These drawings were made in 1808 two years after the engine was assembled at the *William Pit and are reproduced by kind permission of the Nicholas Wood Memorial Library Newcastle-upon Tyne. These drawings have been used as references when constructing the engine in miniature. *In Cumbria the collieries were usually named after the Christian name of the mine owner, in 1806 the owner was William Lowther.

This photograph shows the completed engine built to one sixteenth full size- (¾ inch to the foot). A great deal of planning was needed to assemble the component parts without the engine house walls for support because; the large oak beams would have been incorporated into the side walls. When Adam Heslop assembled his engine at Whitehaven in 1806, it would have been upon these beams that the component parts of the engine were secured into their working positions. The flywheel shown here has a diameter of 15 inches, also a basket (corf) loaded with coal can also be seen.






Shown here is the engine and boiler, with the oscillating beam within the tiled roof of the building. The chimney shown here has been lowered; if this had been built exactly to scale the model would have proved difficult and not easily removed from my workshop. The floor of the model is covered with slabs of micaceous sandstone from a quarry at Bollington in Cheshire these were cut to size with a diamond slitting saw, and surrounding the furnace can be seen engineering blue bricks all made to the scale of ¾ inch to one foot.








The hot cylinder for the engine in miniature, machined from a solid piece of mild steel, now measuring 3 inches in diameter. Also shown is the flywheel machined from a solid blank with a diameter of 15 inches

The  boiler with a conical top is constructed from 24 steel plates all held together with 715 dome headed rivets, on the model this boiler has a diameter of 10 inches. The second photograph shows how the  pressure of the steam was regulated with the the surplus steam being vented into the chimney stack.  Also shown is the method used by Adam Heslop to achieve a parallel motion for the piston rod, strong, cast iron guides were used.

Shown here is the mechanism used to control the flow of steam into the condenser and the hot cylinder, also shown is the method used by Adsm Heslop to automatically reverse his engine, by accurately positioning the crank determined the direction of rotation of his engine.



The boiler was first loaded with 2,500 gallons (11250 litres) of water, this is half the internal capacity, this was  regarded as  the ideal working volume, the water most probably entered by first removing the wooden inspection hatch, the exact method used could not be discovered.

An intense fire would have been needed, and when the water had reached the boiling point, and the steam had reached a working pressure 3 p.s.i., (0.2 bar) the operator would have manipulated the levers,  first  he closed the valve at the base of the hot cylinder (7) by closing this and opening valve (8) the steam was directed into the condenser, and also filling the void beneath the piston of the cold cylinder. When this was taking place the air within the system would have been escaping through the blow valve (15) with all the air expelled and replaced by steam,  the operator closed valve (8) and initiated both water sprays, one into the condenser and the other into the cold cylinder, (levers 46)  a vacuum had now been created, it was generally accepted with an engine in good workng condition that a vacuum of 0.6 bar could be achieved, this  equating to a working pressure of 9 p.s.i., and when acting upon a cylinder of 28 ½ diameter would have exerted a downward force of 2.5 tons (2,500 kg).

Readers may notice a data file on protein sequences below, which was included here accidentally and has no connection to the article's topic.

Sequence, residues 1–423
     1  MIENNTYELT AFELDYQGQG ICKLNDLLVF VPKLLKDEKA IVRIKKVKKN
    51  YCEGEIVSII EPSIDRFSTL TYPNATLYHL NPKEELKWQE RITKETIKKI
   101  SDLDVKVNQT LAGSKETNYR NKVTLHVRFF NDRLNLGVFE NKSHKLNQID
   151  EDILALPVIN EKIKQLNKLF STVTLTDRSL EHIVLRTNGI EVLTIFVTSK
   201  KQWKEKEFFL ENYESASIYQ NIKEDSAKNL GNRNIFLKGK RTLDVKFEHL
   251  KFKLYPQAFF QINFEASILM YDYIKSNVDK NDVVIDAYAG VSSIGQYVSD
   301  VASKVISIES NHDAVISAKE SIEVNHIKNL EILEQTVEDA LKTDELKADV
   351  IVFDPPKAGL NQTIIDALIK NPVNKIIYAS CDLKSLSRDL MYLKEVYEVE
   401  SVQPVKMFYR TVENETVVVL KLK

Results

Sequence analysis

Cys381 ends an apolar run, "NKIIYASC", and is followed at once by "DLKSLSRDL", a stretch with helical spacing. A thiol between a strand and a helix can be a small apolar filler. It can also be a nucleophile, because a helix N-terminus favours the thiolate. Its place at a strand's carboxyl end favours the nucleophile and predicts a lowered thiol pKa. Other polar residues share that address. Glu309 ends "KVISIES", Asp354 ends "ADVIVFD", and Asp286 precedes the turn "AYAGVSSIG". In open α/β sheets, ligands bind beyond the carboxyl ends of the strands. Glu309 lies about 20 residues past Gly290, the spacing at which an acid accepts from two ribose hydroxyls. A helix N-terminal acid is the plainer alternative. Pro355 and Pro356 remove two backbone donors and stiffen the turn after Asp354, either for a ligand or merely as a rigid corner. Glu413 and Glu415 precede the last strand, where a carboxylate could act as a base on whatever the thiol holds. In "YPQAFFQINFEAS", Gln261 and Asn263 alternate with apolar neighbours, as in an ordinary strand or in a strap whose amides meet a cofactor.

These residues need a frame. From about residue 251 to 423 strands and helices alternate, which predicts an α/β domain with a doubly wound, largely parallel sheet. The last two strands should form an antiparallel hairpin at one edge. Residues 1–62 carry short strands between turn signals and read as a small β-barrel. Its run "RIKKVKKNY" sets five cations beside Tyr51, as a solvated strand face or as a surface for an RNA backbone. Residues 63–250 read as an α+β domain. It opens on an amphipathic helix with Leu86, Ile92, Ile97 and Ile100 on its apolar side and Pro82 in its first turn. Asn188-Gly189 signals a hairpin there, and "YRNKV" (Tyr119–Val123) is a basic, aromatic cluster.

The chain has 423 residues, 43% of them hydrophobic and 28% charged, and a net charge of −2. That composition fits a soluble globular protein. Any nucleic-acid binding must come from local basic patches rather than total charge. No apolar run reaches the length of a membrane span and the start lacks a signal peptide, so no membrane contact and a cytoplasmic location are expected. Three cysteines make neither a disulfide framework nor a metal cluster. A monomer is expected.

The cold cylinder was unable to move the engine because the space beneath the piston in the hot cylinder was sealed. The operator then ensured that the crank was in the position shown in the schematic diagram ie. if the basket was to be lowered into the mine. By opening valve (7) low pressure steam was allowed to fill the space beneath the piston in the hot cylinder, 3 p.s.i., exerting an upwards force of 2.0 tons this combined with the load exerted by cold cylinder started the engine rotating in anti-clockwise direction. On the completion of the first revolution the hot cylinder was powered vertically by low pressure steam and  on the downward stroke by a vacuum onto the underside of the piston from the condenser.

After twenty revolutions of the winding drum the basket was at the bottom of the mine, always ensuring that the engine was brought to a halt with the crank positioned 180 degrees from where it started. There was continuous vacuum on the underside of the piston in the cold cylinder, once the engine was in motion the hot cylinder provided all the energy that was needed to lower the baskets and haul the coal from the mine workings. Both cylinders were needed to set the engine into motion, however, after the first revolution the cold cylinder acted as a pump, which ensured the condensers were full of steam, before condensation to complete the  next  revolution of the engine.

With the coal loaded into the basket and with the crank in the oposite position the engine would now rotate in a clockwise direction and haul the basket to the surface. There as been much speculation and discussion about how Adam Heslop reversed his engine, many scholars saying they were unable to discover the mechanism he used, there was no mechanism, the direction of rotation all depended upon the position the crank had been brought to rest.

This concludes my story about the William Pit and Adam Heslop’s winding engine all brought about in my quest to research this unique engine and fully understand by constructing the engine in miniature  how it operated in 1806, and by doing ensure Adam Heslop the credit he so richly deserves.           


David Kenneth Hulse